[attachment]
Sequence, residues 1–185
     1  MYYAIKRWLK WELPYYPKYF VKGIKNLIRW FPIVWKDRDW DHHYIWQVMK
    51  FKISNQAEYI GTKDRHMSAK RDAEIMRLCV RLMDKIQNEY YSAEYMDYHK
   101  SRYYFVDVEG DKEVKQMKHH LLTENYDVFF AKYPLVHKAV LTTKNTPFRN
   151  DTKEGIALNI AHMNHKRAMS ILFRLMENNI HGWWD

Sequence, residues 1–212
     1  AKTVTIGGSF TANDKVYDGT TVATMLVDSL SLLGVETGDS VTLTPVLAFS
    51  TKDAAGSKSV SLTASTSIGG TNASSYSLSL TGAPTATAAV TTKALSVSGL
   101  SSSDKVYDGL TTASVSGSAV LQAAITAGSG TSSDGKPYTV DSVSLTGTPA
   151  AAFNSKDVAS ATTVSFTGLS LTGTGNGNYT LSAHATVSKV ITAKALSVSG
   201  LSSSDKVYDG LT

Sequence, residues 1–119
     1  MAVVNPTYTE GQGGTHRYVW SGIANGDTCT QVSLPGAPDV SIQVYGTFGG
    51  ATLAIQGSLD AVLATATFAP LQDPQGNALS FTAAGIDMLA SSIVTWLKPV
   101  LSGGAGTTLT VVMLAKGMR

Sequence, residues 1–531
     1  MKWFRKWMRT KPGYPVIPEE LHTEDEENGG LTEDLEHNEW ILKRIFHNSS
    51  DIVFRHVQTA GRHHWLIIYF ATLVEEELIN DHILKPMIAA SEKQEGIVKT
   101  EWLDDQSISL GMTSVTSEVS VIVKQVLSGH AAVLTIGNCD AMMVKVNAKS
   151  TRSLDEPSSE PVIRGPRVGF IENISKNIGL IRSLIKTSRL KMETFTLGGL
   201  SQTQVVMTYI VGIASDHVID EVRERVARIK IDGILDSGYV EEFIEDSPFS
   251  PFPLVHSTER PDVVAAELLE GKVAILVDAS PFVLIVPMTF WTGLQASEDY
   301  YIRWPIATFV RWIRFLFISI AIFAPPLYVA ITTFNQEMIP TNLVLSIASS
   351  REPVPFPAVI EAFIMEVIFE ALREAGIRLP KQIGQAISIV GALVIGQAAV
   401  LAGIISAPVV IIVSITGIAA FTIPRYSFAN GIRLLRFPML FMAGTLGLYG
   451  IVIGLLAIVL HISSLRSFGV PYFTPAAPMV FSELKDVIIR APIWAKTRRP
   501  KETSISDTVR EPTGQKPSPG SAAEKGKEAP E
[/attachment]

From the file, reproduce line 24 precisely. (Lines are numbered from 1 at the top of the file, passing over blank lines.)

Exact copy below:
   351  REPVPFPAVI EAFIMEVIFE ALREAGIRLP KQIGQAISIV GALVIGQAAV